I've also done the following:

-Replaced points/condenser
-Sanded rotor contacts
-Sanded spark plugs
-Verified strong ignition of spark plugs
-Valve adjustments
-Timed with a timing light
-Cleaned carb (twice)
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1940 Farmall A
1947 Farmall H
1951 Farmall Cub

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Re: Spits, Sputters, Dies Under Load

Postby butchs38 » Sun Sep 16, 2018 12:31 pm

If carb timing points and fuel flow is all good could be bad plugs fouling out under load even if you cleaned them and gaped them. I would throw in at least a new set of plugs and maybe a set of wires cap and rotor.

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AgTires4295
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Tractors Owned: 1940 Farmall A
1947 Farmall H
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1970 Simplicity Broadmoor 728 (x2)
1984 Cub Cadet 782
1964 Simplicity Landlord
2014 Simplicity Broadmoor 23/50
Location: La Plata, MD

Re: Spits, Sputters, Dies Under Load

Postby AgTires4295 » Sun Sep 16, 2018 2:31 pm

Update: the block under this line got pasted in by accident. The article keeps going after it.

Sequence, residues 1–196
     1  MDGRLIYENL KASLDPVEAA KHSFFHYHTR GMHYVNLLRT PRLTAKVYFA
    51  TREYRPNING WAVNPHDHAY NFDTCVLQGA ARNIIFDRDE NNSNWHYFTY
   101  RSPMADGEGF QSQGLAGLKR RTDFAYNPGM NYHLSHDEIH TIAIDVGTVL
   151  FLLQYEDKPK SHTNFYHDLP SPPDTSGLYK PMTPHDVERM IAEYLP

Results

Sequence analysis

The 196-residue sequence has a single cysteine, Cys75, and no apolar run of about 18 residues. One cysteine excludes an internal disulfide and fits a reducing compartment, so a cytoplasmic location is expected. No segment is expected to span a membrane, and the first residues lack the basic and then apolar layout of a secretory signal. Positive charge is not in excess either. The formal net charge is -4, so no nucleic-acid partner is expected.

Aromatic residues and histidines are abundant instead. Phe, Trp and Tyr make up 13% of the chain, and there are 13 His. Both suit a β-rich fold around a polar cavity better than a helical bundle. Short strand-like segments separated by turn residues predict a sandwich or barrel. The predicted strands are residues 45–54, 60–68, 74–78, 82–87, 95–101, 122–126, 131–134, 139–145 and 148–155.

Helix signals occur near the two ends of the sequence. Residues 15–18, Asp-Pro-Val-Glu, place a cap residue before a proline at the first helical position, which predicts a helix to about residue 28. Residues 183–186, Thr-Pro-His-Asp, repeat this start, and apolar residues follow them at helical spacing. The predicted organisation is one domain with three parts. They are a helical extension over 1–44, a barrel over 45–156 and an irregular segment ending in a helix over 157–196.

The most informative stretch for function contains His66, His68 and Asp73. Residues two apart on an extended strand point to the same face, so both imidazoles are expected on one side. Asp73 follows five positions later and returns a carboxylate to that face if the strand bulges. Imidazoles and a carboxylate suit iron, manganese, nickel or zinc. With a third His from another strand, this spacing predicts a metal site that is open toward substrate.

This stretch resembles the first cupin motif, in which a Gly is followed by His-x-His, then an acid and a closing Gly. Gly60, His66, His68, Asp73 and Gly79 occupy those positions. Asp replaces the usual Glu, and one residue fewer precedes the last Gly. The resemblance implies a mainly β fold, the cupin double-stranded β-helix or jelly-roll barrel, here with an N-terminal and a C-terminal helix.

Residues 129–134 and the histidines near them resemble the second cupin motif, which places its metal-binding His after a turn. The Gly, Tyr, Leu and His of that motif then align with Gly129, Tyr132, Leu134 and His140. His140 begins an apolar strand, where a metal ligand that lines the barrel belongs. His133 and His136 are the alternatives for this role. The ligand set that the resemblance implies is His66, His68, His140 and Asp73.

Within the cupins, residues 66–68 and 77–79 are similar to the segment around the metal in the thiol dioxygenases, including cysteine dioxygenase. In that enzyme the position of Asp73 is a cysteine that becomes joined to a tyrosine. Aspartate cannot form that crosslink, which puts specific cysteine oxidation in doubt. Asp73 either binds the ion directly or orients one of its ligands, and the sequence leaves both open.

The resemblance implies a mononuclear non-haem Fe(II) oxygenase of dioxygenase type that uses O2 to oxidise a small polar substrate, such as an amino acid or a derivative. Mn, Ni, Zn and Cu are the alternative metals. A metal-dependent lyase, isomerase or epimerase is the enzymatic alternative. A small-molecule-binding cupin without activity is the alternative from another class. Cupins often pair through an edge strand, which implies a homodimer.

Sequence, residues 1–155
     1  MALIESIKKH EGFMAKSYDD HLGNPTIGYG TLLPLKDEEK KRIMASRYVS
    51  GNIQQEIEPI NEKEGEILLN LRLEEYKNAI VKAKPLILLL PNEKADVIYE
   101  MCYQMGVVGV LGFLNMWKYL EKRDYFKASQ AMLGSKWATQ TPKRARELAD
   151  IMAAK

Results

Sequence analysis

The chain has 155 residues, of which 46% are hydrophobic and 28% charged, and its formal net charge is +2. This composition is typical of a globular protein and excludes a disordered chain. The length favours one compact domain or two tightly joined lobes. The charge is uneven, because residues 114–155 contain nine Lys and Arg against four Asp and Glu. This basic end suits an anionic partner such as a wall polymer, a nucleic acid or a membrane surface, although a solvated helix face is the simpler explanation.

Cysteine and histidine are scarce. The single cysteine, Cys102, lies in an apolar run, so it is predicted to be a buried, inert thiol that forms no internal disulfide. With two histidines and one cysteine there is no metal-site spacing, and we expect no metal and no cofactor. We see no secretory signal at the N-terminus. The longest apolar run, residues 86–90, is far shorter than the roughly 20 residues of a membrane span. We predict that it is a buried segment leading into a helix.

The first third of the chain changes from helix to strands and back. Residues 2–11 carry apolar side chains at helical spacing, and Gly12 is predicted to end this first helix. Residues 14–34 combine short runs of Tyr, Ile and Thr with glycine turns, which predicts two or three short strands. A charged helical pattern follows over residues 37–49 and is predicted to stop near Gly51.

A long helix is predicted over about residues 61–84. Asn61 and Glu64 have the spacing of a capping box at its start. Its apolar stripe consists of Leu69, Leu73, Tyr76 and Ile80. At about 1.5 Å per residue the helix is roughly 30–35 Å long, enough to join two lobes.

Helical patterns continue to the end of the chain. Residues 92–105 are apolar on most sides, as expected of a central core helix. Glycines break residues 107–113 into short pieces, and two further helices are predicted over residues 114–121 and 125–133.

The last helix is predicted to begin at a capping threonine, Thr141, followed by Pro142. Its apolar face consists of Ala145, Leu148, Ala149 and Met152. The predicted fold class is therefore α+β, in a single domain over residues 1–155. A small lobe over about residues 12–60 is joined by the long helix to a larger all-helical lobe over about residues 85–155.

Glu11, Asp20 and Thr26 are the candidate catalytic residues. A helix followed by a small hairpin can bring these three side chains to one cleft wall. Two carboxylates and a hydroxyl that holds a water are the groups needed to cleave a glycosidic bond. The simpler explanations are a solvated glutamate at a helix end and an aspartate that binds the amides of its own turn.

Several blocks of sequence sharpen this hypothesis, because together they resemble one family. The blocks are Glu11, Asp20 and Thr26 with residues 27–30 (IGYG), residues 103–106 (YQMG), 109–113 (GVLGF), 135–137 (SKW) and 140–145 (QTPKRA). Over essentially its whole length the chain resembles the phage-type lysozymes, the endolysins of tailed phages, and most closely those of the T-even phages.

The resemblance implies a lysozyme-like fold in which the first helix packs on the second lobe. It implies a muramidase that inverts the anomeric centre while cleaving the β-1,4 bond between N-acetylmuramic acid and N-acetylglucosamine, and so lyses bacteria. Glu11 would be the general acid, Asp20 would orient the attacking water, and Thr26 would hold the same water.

Took that advice and not only threw in new plugs but a new battery (thinking what if it didn't have enough amperage while under load). My generator doesn't work so that was a possibility. I just throw it on the charger when I'm done. I'll be rebuilding the generator next.

Once done I was feeling optimistic but there was no imorovement. It stalled at the exact same spots as before. I'm still leaning towards a fuel issue... As if it was running out of fuel at the exact second every time. I just can't imagine what it is. I'll exchange wires, cap, and rotor between tractors to rule that out next but those are all relatively newer items (~2012).
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1940 Farmall A
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1951 Farmall Cub

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Glen
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Re: Spits, Sputters, Dies Under Load

Postby Glen » Sun Sep 16, 2018 5:36 pm

Hi,
Did you do a fuel flow test by removing the plug on the bottom of the IH carburetor, like I wrote in my 2nd post on page 2 of this post.